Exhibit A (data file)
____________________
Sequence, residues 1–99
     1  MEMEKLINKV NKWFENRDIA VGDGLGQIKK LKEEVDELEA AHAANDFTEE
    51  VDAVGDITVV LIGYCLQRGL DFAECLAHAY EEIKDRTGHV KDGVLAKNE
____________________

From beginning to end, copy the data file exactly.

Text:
Sequence, residues 1–99
     1  MEMEKLINKV NKWFENRDIA VGDGLGQIKK LKEEVDELEA AHAANDFTEE
    51  VDAVGDITVV LIGYCLQRGL DFAECLAHAY EEIKDRTGHV KDGVLAKNE